Will CFIUS get in the way of the Gemalto Thales deal?

January 31, 2018

 

Gemalto and Thales issued a statement earlier this month about the intended acquisition of Gemalto by Thales in which they confirm “they are making good progress on the preparation for the Offer.” The companies expect to submit this week “a request for review and approval of the offer document in relation to the Offer with the Netherlands Authority for the Financial Markets.” They add that they are currently in the process” to obtain the required regulatory approvals and clearances,” and anticipate they will conclude the deal in “the second half of 2018.”

 

As, so far, most of the business of Thales and Gemalto were in different activity fields, one may suppose competition authorities will find nothing objectionable in the acquisition proposal. However, a segment my raise some particular attention, the HSM (Hardware Security Module) business.

 

Hardware Security Modules (HSMs) are tamper-resistant pieces of hardware that play a key role in setting up large-scale secure systems. A HSM is typically used to generate and store cryptographic keys and to execute crypto computations in a secure manner. A HSM guarantees the security, integrity and confidentiality of exchanges by providing services such as key generation and storage, authentication, encryption, decryption, and signature computation and verification. Major markets for HSMs include government identification, payments, mobile payments, tokenization and enterprise security.

 

Key players on the HSM market include Gemalto especially thanks to the acquisition of SafeNet, Thales through its Thales e-Security business unit, IBM, Utimaco, Hewlett Packard Enterprise, Atos (including the product line it acquired from Bull), FutureX, Swift, Ultra Electronics, Cavium, … Interestingly, Gemalto and Thales are both headquartered in France with the French government being part of their shareholders, Atos is also from France,  while IBM, HPE and FutureX are US companies, Ultra Electronics is based in the UK, Utimaco in Germany, and Swift positions itself as an international organization headquartered in Belgium.

 

The value of the HSM market is difficult to evaluate: Markets and Markets considers the HSM market was worth US$ 520 million (EUR 420 million) in 2016 and anticipates it to reach US$ 1,101 million (EUR 889 million) by 2022, while Transparency Market Research estimates it will account for US$ 40.4 billion (EUR 32.6 billion) in revenue by 2025.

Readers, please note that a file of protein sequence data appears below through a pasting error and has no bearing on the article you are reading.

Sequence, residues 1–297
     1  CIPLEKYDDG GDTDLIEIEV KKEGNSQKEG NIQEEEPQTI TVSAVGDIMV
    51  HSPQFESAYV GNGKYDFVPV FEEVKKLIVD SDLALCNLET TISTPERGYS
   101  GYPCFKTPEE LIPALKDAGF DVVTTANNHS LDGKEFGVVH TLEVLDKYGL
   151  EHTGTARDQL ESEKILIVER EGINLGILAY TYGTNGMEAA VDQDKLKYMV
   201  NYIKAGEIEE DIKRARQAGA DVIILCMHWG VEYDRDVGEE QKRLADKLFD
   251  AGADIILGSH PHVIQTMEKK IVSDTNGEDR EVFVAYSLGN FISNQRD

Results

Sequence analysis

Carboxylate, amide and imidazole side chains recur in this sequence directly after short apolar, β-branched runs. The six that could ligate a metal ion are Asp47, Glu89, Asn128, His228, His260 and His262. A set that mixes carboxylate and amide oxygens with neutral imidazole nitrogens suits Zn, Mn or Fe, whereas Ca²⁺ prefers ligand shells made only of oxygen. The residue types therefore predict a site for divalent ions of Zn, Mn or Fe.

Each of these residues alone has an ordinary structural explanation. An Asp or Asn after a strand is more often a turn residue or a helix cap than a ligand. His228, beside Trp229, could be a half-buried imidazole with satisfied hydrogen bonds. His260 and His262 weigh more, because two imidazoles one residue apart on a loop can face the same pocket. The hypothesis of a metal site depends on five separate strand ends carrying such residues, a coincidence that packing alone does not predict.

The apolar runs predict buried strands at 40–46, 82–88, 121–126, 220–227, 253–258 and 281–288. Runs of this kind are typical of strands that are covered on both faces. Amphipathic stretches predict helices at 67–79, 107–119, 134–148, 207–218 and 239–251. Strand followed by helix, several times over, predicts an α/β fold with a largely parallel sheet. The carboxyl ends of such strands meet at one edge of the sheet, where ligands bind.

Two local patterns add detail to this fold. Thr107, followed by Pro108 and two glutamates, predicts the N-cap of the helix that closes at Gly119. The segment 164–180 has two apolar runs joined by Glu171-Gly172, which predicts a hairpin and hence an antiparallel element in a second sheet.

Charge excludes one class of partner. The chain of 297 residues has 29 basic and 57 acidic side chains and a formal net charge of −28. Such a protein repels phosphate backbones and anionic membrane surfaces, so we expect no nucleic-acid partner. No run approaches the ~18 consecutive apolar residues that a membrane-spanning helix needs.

Thales and Gemalto say they are confident they will get the approval of CFIUS, the Committee on Foreign Investment in the United States, a US Government inter-agency committee in charge of reviewing “transactions that could result in control of a US business by a foreign person, in order to determine the effect of such transactions on the national security of the United States,” according to the US Department of Treasury. The CFIUS is composed of the Heads of various US government departments, including Homeland Security, Commerce, Defense and others along with representatives from the Office of the US Trade and the Office of Science & Technology Policy, and of the National Security Agency (NSA) when appropriate.

 

Thales has a strong presence in the US, and has already been under the attention of the CFIUS in the past. The HSM market, especially in the US, is essentially served by Thales, Gemalto, IBM and HPE. Some of these HSMs are used for financial transactions applications while others directly relate with enterprise security and government ID applications which can be seen as a lot more sensitive by the CFIUS, especially as both Thales and Gemalto have the French government among their shareholders

 

The CFIUS is in a positon to have a decisive influence on the conclusion of deals. For instance, the proposed acquisition of MoneyGram by Ant Financial (Alibaba’s financial arm) has just been blocked by the CFIUS over “national security concerns,” according to Reuters.

 

Also, one may remember that in 2008, SafeNet, a US company, was considering the acquiring British security expert nCipher, a project that had been blocked as it would have created a dominant position for SafeNet. At this time, Thales came out and benefited from the blocking as it acquired nCipher. Later, in  2014-2015, SafeNet was acquired by Gemalto for US$ 890 million (EUR 718 million), leading to the current situation where Gemalto and Thales are in a very strong position on the US HSM market.

 

The coming months will tell whether the CFIUS derails or influences the ambitious project set up by Gemalto and Thales management.

 

Disclaimer: I own some Gemalto shares.

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